Follow the Tomato: Exploring Community Food Security Strategies to Address Social and Environmental Justice Issues in the Food System (Michelle Kaiser, College of Social Work)
This is a service‐learning course that will use a variety of methods to integrate academic learning with service that benefits community partners. Teaching methods will incorporate discussions, lectures, guest speakers, civic engagement activities, readings, and community‐based action research to explore the complex and interrelated issues of social and environmental justice in the food system from a variety of perspectives. We will do this by following the tomato from the farm/garden to the plate to further explore community food security strategies intended to reduce hunger, create sustainable food systems, alleviate poverty through economic opportunities, improve access to healthy food options, and enhance social, physical, and spiritual well‐being.
This course uses an interdisciplinary community food security (CFS) framework. CFS strategies work in conjunction with anti‐hunger strategies to support local food systems, build on community resources, develop multi‐sector partnerships, protect and promote human health, identify sustainable food resources, and seek ways to provide social equity (Winne, Joseph, & Fisher, 1997). CFS draws on geography, nutrition, social work, sociology, public health, nutrition, public policy, planning, among other associated disciplines.
Locations of service include: the Franklinton Gardens, Feed Old Town East Garden, local communities, and Mid-Ohio Food bank.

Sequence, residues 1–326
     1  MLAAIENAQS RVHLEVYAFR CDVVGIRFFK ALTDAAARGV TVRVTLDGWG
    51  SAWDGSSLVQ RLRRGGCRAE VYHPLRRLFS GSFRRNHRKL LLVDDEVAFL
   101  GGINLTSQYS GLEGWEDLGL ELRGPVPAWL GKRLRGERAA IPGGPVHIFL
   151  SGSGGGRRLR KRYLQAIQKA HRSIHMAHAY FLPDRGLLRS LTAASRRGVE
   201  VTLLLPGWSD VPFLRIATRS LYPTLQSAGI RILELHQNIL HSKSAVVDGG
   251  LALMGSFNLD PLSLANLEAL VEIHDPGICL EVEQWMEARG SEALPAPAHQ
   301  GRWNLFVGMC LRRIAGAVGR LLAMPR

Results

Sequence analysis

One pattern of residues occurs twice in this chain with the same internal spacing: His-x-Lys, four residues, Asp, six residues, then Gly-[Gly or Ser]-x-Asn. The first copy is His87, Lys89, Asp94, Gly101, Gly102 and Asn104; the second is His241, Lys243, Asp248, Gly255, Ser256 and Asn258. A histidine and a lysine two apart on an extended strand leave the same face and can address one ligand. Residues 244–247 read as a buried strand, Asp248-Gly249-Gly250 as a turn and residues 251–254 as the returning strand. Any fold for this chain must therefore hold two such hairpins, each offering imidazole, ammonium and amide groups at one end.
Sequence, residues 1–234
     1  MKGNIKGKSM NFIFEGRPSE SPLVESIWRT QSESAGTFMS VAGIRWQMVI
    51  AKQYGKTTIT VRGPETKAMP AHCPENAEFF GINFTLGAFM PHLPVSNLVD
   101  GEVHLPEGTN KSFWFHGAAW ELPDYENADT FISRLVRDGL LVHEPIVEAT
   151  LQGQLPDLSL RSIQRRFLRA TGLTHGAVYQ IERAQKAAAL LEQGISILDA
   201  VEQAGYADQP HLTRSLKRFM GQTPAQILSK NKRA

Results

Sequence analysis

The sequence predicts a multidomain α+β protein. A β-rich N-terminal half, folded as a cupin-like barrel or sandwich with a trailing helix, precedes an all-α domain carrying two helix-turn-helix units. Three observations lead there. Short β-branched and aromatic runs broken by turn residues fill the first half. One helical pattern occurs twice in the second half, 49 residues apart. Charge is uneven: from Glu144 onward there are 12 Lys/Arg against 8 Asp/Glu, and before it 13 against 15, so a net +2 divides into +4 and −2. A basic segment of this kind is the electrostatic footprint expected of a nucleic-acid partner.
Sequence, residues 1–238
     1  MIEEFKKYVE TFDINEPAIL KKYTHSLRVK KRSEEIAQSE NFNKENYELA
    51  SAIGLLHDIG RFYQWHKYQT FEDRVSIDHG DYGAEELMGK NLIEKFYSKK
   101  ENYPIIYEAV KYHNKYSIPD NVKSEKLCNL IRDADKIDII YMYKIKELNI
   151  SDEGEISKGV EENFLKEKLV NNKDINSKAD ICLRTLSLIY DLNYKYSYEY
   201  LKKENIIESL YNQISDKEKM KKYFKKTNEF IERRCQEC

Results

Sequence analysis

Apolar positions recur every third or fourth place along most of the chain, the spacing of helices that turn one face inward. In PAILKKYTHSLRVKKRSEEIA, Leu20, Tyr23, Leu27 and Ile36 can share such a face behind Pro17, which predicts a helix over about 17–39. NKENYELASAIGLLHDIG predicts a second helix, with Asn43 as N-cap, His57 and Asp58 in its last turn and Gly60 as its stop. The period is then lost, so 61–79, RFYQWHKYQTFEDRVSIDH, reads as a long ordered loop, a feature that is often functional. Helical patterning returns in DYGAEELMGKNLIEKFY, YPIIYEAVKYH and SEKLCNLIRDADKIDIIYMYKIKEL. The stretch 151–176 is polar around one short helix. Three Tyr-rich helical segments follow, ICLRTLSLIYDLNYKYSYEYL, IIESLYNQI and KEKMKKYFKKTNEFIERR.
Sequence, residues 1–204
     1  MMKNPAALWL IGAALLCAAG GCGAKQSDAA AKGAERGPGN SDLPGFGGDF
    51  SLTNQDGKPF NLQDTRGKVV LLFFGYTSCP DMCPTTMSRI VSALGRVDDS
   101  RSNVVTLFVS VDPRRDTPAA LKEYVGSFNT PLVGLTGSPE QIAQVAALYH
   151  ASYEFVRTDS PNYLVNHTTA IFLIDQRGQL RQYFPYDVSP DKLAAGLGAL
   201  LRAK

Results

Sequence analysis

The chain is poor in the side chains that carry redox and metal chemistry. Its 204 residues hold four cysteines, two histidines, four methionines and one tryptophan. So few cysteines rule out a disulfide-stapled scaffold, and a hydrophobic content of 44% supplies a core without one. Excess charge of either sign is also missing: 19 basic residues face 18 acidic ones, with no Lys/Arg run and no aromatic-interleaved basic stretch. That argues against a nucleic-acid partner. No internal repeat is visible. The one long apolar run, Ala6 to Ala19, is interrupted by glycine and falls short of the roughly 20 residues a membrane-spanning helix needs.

Pay-It-Forward Marion/ Pay-It-Forward Delaware (Stuart Lishan, College of Humanities)
The Pay-It-Forward Marion program was first established in 2010 with a Pay-It-Forward Grant from Ohio Campus Compact (funded through the Learn-and-Serve America Foundation) and continued through the 2012-14 academic years with an Outreach and Engagement Grant from OSU. Its purpose is to promote civic engagement in a number of first-and-second-year writing classes. This is done through improving the local community through skill-based service and philanthropy will be worked into the course content and learning outcomes in. In concert with the United Way, a community partner, students in these writing classes will volunteer at community organizations proposing projects that address student-identified needs areas; engage in research to assess the needs of the community; establish funding criteria; analyze grant proposals and budgets; research local nonprofits through interviews with community members; and, in the process, develop writing, decision-making, public speaking, accounting, collaboration, and evaluation skills.